Encouraging Your Daughter to Dream
By Cindi McMenamin, Author
For some children, it's obvious what their calling is. They come out of the womb, it seems, with big plans of what they want to accomplish with their lives. For most, however, it can be a mystery - a secret worth pulling out of them.
That's where you and I, as parents come in. You may have one child who's a dreamer - it's part of her personality - she knows exactly what she wants to do with her life. Yet, the other may take a while to develop creative abilities or academic interests. But by watching and praying for wisdom to help cultivate that dream God has placed on their hearts, we can be there to be the wind beneath their wings when it's time for them to fly.
In my book, When a Mom Inspires Her Daughter, I outline six steps to encourage your daughter to discover and pursue her dream (and I believe these steps can apply to our sons, as well):
1. Let Her Explore
Kelly grew up with a critical mother who didn't lavish much praise on her. But she does remember one thing her mother did very well:
"She always allowed me to explore, try, and learn. I devoured books, movies, classes, and school stuff. I asked questions and got answers. I was able to go places and do things to learn more about everything around me, to challenge me, and to let me grow. Eventually I became comfortable in my own skin because I had a childhood to explore who God designed me to be."
Help her explore new areas. One of them might be the area in which she truly shines.
2. Look and Listen for What Makes Her Heart Sing
Sometimes we don't see a dream on our child's horizon because that dream is still developing. Or, as it was developing, we weren't necessarily looking for it.
Sara says she wishes she had noticed her daughter's dream when Lauren, now 23, was a little girl. "It took me too long to recognize Lauren's strong gravitation toward the arts. I am not artistically gifted but she is! She writes music and poetry, sings, plays musical instruments, loves photography and her painting aptitude is amazing! I wish I had seen this in her when she was little."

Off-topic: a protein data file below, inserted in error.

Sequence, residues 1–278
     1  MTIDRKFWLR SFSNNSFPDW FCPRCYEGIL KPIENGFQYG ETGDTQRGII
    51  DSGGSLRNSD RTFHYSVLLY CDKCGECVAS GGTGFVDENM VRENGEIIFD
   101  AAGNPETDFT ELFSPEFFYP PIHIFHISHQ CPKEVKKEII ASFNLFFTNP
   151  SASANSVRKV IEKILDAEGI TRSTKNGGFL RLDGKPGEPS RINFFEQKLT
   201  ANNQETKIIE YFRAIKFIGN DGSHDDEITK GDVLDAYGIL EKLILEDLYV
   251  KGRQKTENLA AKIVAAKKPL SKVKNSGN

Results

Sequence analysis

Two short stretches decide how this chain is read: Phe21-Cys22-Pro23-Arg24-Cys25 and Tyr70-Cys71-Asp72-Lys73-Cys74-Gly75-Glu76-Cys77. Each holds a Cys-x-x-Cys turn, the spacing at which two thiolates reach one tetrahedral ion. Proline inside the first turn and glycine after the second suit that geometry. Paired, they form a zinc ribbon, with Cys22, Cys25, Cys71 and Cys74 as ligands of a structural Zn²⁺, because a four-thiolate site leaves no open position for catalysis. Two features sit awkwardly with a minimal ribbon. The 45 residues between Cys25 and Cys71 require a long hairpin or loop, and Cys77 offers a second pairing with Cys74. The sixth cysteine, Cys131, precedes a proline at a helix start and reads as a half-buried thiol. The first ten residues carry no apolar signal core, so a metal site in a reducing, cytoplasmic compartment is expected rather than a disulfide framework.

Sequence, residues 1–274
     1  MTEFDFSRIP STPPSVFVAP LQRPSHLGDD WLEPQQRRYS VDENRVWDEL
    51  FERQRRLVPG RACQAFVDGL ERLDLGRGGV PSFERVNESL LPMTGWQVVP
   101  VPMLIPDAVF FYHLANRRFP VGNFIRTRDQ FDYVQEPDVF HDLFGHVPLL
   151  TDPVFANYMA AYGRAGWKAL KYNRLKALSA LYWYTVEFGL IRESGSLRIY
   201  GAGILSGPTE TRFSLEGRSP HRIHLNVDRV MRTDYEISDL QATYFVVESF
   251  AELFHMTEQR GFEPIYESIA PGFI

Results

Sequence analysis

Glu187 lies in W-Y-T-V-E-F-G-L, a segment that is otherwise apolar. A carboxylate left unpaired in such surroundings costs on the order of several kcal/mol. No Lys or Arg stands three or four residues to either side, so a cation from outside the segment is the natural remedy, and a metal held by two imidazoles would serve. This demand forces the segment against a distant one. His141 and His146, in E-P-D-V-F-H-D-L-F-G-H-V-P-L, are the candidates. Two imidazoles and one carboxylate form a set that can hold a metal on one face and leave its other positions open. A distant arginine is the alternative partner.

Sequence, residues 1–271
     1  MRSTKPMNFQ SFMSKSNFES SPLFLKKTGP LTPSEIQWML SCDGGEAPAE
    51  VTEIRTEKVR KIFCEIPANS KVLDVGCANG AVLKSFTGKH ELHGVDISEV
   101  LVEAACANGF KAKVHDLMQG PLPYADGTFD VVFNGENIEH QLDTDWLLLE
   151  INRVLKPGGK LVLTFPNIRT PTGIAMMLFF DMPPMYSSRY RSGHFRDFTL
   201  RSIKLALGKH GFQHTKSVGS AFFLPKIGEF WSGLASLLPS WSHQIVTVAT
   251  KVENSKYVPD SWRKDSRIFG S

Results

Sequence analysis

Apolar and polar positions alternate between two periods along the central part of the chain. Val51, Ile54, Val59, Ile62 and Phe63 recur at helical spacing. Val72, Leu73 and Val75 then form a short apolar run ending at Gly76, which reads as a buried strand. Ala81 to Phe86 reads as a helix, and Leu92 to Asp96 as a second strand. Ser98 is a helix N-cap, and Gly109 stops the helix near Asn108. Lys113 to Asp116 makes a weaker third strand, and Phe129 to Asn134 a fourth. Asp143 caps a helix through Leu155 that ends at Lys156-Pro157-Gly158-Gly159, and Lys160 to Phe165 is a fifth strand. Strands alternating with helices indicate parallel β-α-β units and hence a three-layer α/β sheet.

Jean, who has five daughters ages 2-11 is aware of how easily each of them could slip through the cracks when it comes to encouraging them in the area of their dreams.
Jean says: "I spend a lot of time with them and try to be a student of all of my daughters -- understanding who they are, who they are becoming, and what they want to become. By doing that I get an idea of what God's purpose may be in their lives so I can help steer them in His direction."
What is your daughter saying now about what she is interested in? What is she saying she no longer wants to do? That can give you an idea of where her dream may or may not lie.
3. Let Her Take a Break - or Change her Mind
Sometimes our children try something but find it's not what they had hoped or wanted, after all. Yes, we need to teach our children commitment and how to stick with something, but after the commitment (and hopefully she never signs up for more than a one-year commitment at a time), let her reevaluate. Sometimes she was simply gaining skills for the next step, which is something different. And sometimes she just needs time off to get her heart back for it (as was the case with my daughter, Dana, when it came to giving up piano lessons. She returned to it five years later with an amazing ability and passion for it that I never saw in her earlier!).
Cheri Gregory says this about being made to continue with her piano lessons when her dream was elsewhere.